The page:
With the eminent zombie apocalypse upon us, SkyWeb’s newest product provides comfort and security for the casual zombie evader up to the avid hunter. How does the ZK-15 operate? It uses state-of-the-art technology to analyze the position and body language of any potential target in order to make an informed and safe action to protect you.
All code for this project can be found on GitHub
- The mechanical subsystem is composed of 4 main components: the chassis, the drive train, the sentry, and the claw. Each of these systems integrates with both software and electrical components in order to allow the ZK-15 to react according to the threat level it detects.
- The chassis is a predominantly sheet metal construction. The main housing is made from a single sheet that has been hammered into shape.
- This subsystem consists of two main parts: the main chassis housing “tub” and the the bottom shaft standoffs. Most of the components were fabricated from 0.032 in thick aluminum sheet.
- The integration of drivetrain and chassis is achieved through the milled gearbox clock cage. This component was milled from a 2 inch piece of aluminum square tubing, this allowed for a guaranteed rigid precise part that would effectively house all the components for the gearbox as well as tether the motor to the chassis and bracing.
- Finally, the defense mechanism is a separate system bolted onto the chassis. This allowed for more room for iteration and parallel construction as we could build the chassis before the components were finalized.
- The turret is an off-the-shelf NERF product; it was chosen not only because of its electronic automatization (removing the need for a cocking mechanism) but also because its tripod allowed it to sit above the Kinect camera and for it to be mounted without interferences.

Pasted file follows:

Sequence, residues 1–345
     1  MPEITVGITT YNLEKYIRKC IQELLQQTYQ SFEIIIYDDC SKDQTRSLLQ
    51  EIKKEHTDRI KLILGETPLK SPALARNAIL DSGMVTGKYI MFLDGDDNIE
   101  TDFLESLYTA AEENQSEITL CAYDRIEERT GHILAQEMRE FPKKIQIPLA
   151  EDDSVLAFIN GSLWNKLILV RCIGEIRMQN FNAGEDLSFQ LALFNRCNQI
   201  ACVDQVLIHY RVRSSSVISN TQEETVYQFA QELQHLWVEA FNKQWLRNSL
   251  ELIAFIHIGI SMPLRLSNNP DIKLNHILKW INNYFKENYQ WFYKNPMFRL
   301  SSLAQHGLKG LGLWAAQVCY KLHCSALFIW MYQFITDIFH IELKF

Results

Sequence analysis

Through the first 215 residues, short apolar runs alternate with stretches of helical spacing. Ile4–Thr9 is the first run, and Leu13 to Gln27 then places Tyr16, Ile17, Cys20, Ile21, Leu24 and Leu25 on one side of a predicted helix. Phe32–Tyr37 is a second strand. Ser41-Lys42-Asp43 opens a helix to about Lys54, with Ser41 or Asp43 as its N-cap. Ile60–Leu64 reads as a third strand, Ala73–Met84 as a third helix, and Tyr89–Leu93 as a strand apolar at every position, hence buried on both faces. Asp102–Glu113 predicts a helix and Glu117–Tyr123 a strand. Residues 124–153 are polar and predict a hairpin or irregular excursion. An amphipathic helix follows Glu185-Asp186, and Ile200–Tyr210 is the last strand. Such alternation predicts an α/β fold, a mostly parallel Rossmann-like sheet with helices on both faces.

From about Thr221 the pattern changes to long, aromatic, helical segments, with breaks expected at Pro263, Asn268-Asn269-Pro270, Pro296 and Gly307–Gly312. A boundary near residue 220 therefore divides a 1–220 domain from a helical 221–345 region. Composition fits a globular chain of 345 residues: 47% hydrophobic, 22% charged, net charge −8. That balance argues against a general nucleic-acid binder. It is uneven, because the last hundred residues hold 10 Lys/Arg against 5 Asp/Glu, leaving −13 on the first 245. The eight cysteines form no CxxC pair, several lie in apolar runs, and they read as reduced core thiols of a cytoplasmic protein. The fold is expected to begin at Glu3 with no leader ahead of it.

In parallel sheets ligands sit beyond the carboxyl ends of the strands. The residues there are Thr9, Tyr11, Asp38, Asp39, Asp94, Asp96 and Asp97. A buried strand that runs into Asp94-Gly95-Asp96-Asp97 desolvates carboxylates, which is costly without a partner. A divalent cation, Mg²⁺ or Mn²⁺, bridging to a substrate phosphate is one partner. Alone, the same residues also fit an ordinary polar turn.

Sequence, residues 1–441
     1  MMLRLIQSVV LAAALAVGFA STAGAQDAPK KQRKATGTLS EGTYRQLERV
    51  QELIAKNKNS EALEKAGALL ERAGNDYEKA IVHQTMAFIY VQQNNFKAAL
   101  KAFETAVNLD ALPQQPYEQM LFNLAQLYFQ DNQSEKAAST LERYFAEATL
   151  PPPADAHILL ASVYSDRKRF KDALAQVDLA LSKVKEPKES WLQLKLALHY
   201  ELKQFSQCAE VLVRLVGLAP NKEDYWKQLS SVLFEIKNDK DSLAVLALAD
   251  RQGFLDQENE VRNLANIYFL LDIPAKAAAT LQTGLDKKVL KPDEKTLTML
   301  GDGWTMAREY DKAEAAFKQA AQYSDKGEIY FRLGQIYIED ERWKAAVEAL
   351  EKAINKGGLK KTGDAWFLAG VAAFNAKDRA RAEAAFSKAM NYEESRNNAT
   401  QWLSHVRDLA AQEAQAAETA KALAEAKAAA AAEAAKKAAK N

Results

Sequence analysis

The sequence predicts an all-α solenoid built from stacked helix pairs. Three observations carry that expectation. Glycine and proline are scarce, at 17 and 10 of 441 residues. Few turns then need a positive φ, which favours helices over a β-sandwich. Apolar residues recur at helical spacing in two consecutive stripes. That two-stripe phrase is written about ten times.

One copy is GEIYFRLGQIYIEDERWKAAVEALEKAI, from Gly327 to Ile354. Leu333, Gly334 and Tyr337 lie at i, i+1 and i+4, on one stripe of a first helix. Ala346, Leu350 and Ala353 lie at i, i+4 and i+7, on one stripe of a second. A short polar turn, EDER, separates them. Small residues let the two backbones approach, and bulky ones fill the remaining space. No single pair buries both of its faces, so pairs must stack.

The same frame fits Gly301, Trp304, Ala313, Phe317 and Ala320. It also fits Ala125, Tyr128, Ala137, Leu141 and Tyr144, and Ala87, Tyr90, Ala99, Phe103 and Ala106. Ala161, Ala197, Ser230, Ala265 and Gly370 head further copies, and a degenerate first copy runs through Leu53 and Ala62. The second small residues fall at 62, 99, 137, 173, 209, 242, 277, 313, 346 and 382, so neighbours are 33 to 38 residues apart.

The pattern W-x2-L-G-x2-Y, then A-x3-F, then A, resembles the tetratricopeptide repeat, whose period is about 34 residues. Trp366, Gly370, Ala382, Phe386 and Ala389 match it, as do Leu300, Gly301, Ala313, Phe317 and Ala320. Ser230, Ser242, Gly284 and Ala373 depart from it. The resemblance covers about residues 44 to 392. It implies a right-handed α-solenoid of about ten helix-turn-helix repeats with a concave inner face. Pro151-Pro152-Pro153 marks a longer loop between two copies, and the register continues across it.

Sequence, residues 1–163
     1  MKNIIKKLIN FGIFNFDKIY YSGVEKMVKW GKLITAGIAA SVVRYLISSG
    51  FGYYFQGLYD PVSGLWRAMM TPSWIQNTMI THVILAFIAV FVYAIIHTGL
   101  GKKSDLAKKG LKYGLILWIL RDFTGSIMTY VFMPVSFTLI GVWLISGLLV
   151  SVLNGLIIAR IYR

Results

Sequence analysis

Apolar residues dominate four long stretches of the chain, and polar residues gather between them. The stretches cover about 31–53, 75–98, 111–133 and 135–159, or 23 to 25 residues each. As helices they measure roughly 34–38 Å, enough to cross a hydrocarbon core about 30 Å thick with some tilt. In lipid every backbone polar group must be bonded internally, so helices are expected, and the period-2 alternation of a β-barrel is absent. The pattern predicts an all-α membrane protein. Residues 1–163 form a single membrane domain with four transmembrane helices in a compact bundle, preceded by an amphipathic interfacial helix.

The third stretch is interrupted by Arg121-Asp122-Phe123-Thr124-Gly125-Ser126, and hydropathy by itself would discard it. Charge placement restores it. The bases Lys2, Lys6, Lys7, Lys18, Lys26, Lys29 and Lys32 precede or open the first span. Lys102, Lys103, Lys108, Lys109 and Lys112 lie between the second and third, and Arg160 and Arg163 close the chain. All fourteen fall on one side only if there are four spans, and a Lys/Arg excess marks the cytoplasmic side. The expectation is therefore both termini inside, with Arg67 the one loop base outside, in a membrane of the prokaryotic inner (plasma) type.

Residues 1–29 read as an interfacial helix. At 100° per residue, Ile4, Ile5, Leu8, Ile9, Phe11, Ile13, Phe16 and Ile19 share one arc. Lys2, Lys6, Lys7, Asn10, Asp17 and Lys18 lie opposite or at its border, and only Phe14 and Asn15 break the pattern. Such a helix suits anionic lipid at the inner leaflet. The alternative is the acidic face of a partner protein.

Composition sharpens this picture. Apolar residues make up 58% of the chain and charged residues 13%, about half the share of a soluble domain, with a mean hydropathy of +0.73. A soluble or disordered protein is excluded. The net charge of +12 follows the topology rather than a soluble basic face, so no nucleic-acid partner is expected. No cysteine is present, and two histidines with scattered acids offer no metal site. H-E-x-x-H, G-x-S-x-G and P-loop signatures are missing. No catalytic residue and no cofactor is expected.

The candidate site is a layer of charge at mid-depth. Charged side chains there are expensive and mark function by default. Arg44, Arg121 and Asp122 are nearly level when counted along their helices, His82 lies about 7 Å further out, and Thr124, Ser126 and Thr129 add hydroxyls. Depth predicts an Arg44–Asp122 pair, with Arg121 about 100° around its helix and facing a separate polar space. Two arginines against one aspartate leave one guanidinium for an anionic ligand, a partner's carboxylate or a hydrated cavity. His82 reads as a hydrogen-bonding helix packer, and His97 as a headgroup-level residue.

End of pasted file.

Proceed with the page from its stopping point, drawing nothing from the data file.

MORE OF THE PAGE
- Treaded vehicles are difficult to design. They require a lot of forethought into the torque needed for the vehicle to move effectively. When designing this vehicle we encountered a seemingly unsurmountable obstacle.
- In our first iteration we were able to buy our wheels, sprockets and belts from a toy company. However, once we obtained the necessary dimensions for the full scale robot we found it hard to find belts and pulleys within our price range.
- In order to sidestep this issue, we decided to buy the much more affordable sprockets and to 3D print our treads in kevlar and nylon using the state of the art Markforged MK1 3D printer. As far as we know, nothing of the sort had ever been attempted and we decided to give it a shot based on a print that failed after laying down just a couple layers of nylon and a single one of kevlar seemed to be flexible and very strong.
- We were only able to print sections of 10 inches at a time therefore we had to link 6 prints together to form a belt of the correct size for our robot.
- Our electrical system is composed of an Arduino linked up to a laptop, sending PWM signal to two motor controllers powered by 12V batteries connected to two motors which power the gearbox.
- To create this system we started by soldering and heat shrinking all wires not directly connected to power, as well as the wires that need to be connected to gator clips for attachment to the power supply; for any extra wire needed we used 12 gauge wires for consistency.
- The wires not directly connected to power included the ground and power of the motors which connected to the power out and ground of the Talon SRX motor controllers, and the wires that needed to be attached to gator clips included the power and ground wires of the motor controllers.
- When connecting the power of the motor controller to the gator clips we included a slow blow 12V 12A fuse to account for any occasional surges.